Once we step out of the university, the standards which we are so used to judging ourselves no longer apply. No one cares about your GPA after you have graduated. The only yardstick to reflect most of our achievement is now relegated to the comparison of salary.



Step 1: Identify career goals

Unless you believe that only job titles and salary are indicative of your career success, there are no common yardsticks which we can benchmark ourselves against our peers. In fact, I believe the competition does not exist between you and your colleagues but it is within yourself. How do you constantly improve and outdo yourself? And what are the indicators which we ought to use to grade ourselves?


The answer will differ according to individuals.

You will probably have an answer once you have a clearer picture of what you want to achieve in 20-30 years’ time. It took me a year to get a better idea of what I want to pursue in my career. So set aside a year before you graduate to think about your career.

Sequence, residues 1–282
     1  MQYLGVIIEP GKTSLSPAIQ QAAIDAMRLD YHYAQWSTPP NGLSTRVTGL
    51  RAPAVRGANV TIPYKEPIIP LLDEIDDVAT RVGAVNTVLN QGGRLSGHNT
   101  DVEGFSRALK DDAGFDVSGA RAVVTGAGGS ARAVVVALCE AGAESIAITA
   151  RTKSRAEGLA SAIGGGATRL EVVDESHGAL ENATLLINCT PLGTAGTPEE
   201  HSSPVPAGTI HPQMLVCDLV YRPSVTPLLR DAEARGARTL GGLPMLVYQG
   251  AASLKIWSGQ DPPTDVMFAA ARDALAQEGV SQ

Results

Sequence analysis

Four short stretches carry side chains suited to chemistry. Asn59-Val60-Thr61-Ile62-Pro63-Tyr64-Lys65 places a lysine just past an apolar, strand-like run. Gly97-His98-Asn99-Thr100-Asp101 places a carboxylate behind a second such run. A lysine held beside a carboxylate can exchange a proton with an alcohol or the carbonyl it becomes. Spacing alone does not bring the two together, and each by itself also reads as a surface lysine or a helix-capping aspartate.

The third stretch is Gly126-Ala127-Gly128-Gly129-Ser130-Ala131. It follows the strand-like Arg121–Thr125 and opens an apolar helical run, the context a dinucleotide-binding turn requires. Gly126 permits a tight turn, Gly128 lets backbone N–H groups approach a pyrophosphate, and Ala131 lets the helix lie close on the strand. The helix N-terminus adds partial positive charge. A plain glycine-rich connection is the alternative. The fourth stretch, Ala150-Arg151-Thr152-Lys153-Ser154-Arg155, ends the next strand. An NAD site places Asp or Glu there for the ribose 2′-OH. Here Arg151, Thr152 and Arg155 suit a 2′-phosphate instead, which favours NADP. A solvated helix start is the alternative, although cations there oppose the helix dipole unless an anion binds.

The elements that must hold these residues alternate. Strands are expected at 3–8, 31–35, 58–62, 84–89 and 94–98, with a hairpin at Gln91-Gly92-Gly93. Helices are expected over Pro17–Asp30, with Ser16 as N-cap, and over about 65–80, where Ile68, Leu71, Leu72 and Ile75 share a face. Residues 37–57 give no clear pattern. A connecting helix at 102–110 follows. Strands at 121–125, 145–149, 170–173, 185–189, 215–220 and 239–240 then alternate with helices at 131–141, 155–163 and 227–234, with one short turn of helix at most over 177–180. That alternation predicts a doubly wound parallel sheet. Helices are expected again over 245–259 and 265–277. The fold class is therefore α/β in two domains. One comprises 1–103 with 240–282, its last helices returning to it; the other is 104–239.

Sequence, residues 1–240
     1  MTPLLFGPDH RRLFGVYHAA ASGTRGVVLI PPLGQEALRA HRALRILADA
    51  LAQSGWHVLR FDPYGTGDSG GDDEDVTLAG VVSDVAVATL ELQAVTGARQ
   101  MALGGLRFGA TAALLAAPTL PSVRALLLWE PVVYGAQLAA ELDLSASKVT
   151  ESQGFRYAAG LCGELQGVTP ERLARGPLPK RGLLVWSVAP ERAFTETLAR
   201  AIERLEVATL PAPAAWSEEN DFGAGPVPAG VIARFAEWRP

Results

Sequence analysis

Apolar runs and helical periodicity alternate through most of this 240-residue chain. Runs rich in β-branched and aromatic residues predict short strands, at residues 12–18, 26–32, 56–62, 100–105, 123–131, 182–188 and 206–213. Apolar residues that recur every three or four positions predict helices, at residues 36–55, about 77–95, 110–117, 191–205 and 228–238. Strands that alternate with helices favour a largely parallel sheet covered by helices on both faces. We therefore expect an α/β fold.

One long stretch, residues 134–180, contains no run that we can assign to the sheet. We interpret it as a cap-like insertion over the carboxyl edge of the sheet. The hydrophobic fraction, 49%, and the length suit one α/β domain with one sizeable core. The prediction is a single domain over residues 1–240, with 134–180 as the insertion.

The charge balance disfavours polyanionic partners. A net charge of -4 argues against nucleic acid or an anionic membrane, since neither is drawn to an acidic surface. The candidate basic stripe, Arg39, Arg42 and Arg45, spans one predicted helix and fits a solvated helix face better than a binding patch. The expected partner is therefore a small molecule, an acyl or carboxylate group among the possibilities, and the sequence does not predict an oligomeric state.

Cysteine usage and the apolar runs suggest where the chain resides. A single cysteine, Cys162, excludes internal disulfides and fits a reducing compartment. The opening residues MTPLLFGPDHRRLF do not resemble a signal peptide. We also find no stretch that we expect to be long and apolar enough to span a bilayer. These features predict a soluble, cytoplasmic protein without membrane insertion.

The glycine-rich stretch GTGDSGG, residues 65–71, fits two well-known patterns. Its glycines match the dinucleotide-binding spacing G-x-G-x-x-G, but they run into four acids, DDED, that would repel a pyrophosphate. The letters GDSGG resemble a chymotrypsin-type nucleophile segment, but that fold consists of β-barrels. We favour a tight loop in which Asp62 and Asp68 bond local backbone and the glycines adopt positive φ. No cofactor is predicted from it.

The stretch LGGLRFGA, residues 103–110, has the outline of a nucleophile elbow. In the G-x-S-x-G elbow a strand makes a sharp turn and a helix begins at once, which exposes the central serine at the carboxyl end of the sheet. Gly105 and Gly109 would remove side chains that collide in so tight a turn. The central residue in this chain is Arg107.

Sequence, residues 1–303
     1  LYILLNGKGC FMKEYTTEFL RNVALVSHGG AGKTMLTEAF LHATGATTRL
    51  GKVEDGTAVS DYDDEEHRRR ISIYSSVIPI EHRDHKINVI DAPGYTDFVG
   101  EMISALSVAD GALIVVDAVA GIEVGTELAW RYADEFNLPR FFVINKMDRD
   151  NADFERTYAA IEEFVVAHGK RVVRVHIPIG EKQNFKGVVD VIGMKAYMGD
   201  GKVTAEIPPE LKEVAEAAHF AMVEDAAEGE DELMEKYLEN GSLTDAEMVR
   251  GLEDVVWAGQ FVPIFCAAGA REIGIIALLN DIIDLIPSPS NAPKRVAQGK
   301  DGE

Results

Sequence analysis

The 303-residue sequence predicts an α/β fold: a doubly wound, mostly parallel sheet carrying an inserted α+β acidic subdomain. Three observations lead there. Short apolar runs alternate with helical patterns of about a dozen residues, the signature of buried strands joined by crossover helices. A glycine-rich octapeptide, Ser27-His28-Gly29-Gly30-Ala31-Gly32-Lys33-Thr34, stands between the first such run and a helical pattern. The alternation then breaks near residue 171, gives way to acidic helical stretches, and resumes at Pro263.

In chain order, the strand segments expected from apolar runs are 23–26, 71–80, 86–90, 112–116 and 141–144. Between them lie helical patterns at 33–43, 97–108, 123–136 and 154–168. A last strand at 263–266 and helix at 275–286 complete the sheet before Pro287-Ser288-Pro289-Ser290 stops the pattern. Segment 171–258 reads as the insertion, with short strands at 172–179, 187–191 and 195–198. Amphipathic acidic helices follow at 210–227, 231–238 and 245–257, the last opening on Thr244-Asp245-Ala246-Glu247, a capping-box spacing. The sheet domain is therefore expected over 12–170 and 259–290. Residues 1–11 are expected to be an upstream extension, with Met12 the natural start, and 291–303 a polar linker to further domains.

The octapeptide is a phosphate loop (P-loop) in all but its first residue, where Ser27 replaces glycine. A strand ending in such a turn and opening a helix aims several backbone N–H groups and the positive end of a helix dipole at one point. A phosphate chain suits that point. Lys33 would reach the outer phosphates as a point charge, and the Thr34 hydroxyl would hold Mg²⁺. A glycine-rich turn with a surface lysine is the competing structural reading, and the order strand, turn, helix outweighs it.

•   Find your interest. Start reading widely. Talk to your friends. I realized that I am reading more as compared to my times in university. Reading exposes you to unfamiliar topics and thoughts. Investment papers, personal finance, biographies, science magazines, philosophy etc.
  •   Seek a mentor. A good way would be to look around your organisation or those around you. Are there anyone who are 20 years your senior whom you would like to emulate?
  •   Be accountable to your family. As much as we would like to pursue our interest, we need to be responsible for our family finances as well. Would your career choice impact your family’s financial well-being?


Step 2: Identify skillsets to develop

Once you start to have an inkling of what you want to achieve in your career, the decisions which you make will be slightly more straight-forward. First, identify the competencies you need to achieve what you set out to do. Then find a company which will offer you the opportunities to develop them.

  •   All jobs will enable you to develop competencies. Are they relevant? Are you consciously identifying, learning then applying them?
  •   Take a look at the Harvard Competency Dictionary for a list of the competencies.